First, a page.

(Eastover Press, 2022; pbk, £16.99)
A prolific essayist, Chris Arthur’s writing is marked invariably by an expansive curiosity, an omnivorous reading life and spooling philosophical enquiries that begin with an attentiveness to the ordinary. His finely wrought essays are what challenged me to think about essaying as an activity outside the schoolroom, beyond those dry-as-dust abstracts and arguments of professionalised, templated writing that sometimes masquerade for life in the Humanities. Yet when I started Hidden Cargoes, his ninth collection, I was just a little dismayed. This was because Arthur’s preface—an ‘opening apologia’ of sorts—seem to declare up front what was to follow: ‘to strip routine’s dulling insulation’, uncover ‘hidden cargoes’ in the everyday objects, places and situations to show ‘the electricity of wonder [that] runs through everything.’
As a reader, part of the heuristic pleasures of engaging with texts is precisely to be given room to feel one’s way to what needs to be found from the skein and texture of words. And here, while the range is eclectic and astonishing (an ear, an owl’s skull, a leaf, a scrabble game, a cigarette box, a vulture’s egg, a photograph), the stratagem of ‘coiled story lines’ of thoughts and memories seemed just too familiar with each passing essay. I’d admit that my initial response was also the result of what I was trained to do: reading closely as a hermeneutical practice. If there was nothing more to discover, nothing to interpret then what was to be the purpose of my role a critic, as reviewer, as reader? Yet persevering yields reading pleasures that might be said to provide those ‘hidden cargoes’.
For amongst the many things the book takes as its subject is time – the remembrance of things past, rendered both in the past tense of history and memory, and in the present tense of bearing witness in writing, attending to the whys and wherefores which have few definitive answers. Thus in ‘Listening to the Music of a Vulture’s Egg’, which include egg stories from Arthur’s twelve-year-old natural history collection, the adult Arthur’s ornithological musings, and reflections on Tibetan Buddhist texts and sky burials, are reflections on an ‘expanded sense of time’ as flow. A heightened sense of mortality and time’s passing, sure, but also of transcendence:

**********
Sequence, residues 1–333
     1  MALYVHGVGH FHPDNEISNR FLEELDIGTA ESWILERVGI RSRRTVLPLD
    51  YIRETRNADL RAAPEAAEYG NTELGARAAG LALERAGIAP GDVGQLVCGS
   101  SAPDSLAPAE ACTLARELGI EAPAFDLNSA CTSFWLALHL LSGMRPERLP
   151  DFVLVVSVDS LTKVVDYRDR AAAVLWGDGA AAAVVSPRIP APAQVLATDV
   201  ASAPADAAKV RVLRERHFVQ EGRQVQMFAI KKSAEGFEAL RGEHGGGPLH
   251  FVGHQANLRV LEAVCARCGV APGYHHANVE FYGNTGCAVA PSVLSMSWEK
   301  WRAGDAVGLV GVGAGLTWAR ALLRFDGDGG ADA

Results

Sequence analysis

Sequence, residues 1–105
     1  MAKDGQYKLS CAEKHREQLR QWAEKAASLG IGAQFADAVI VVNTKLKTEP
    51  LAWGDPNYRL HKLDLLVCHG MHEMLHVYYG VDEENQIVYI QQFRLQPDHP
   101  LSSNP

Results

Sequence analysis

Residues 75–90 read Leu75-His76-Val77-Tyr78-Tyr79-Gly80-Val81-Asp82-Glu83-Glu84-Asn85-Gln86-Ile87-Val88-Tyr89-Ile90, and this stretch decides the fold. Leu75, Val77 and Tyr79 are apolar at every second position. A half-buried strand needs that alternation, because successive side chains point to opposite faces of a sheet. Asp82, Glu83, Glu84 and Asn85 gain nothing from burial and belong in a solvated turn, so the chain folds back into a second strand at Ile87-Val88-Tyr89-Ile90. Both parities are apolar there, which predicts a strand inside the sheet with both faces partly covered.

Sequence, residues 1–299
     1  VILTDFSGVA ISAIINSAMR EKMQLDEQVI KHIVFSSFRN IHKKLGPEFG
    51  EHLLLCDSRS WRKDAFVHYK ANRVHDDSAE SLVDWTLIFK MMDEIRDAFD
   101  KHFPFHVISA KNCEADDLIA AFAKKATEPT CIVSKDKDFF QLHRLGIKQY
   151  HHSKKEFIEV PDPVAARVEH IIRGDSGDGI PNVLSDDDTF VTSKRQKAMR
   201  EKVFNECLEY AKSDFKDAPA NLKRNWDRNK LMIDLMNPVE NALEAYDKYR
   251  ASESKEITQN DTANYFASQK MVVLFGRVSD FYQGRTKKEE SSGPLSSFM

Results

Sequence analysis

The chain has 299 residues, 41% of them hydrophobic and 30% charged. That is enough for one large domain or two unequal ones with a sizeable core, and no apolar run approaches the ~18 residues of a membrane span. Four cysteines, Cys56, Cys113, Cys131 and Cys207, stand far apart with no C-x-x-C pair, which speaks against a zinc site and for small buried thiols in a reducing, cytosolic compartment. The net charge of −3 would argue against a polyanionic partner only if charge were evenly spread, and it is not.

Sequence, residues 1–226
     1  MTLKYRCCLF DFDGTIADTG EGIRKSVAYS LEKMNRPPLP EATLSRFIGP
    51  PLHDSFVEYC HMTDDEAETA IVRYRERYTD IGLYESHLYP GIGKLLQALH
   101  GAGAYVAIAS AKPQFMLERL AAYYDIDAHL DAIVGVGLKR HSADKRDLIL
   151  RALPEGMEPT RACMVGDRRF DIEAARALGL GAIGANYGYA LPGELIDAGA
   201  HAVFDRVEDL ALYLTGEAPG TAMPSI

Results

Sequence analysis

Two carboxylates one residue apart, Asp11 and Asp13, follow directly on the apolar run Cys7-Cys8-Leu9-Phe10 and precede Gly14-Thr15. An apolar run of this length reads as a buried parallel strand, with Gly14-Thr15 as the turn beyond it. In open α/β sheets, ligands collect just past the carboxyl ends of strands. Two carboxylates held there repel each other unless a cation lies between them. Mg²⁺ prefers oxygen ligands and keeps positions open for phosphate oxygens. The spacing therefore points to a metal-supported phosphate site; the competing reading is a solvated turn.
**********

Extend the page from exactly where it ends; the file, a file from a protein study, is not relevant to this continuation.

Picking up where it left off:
Might it be that we are creatures of flesh and blood and bardo? Is there in some hidden interstice of our substance the lilting refrain of a flute, its notes reaching into aspects of us words can’t map? Without the emptiness of hollow bones, is there a trace of some sound-marrow, some stratum from which breath might awaken notes that hint at something beyond the blown eggshell of the corpse?
The life cycles of organisms, and the stories embedded in them, might be one of the ways of countering death as a full stop. Individual lives and their occurrences are but part of an expansive cosmic music. So near mid-way through the collection, Arthur contemplates the life cycle of the tulip tree quite beautifully:
In every twig, in every leaf – if we listen carefully – there’s an echo of Liriodendron’s voyage, its seeding and rooting, its growing and flowering, its faltering and dying over millions of years…. Leaves in their number and fragility, their short-livedness, are like us humans. It’s as if they put on a kind of annual mortality play – a vivid memento-mori every autumn… It’s as if leaf and root and bark, the paleness of the wood, the fragrance of the flowers, are verses in some poem that the earth has learnt by heart and keeps reciting to itself over and over again across uncounted centuries, conjuring the trees into existence, forming and reforming them with repeated persistence.
Within these singular fragments, the vividly evoked quiddity of objects and also their hidden stories, is life’s redemptive vibrancy to hold against death’s finality. Have I given away—summed up—the hidden cargoes, and do exactly what I objected to in the preface? I hold to Denise Levertov’s ‘The Secret’, a lovely (and so-true) poem about readers reading:
a thousand times, till death
finds them, they may discover it again, in other lines
in other happenings.
Readers will find their own treasures in these essaying journeys.
nb. This review first appeared in Northwords Now and is reprinted with thanks to the magazine.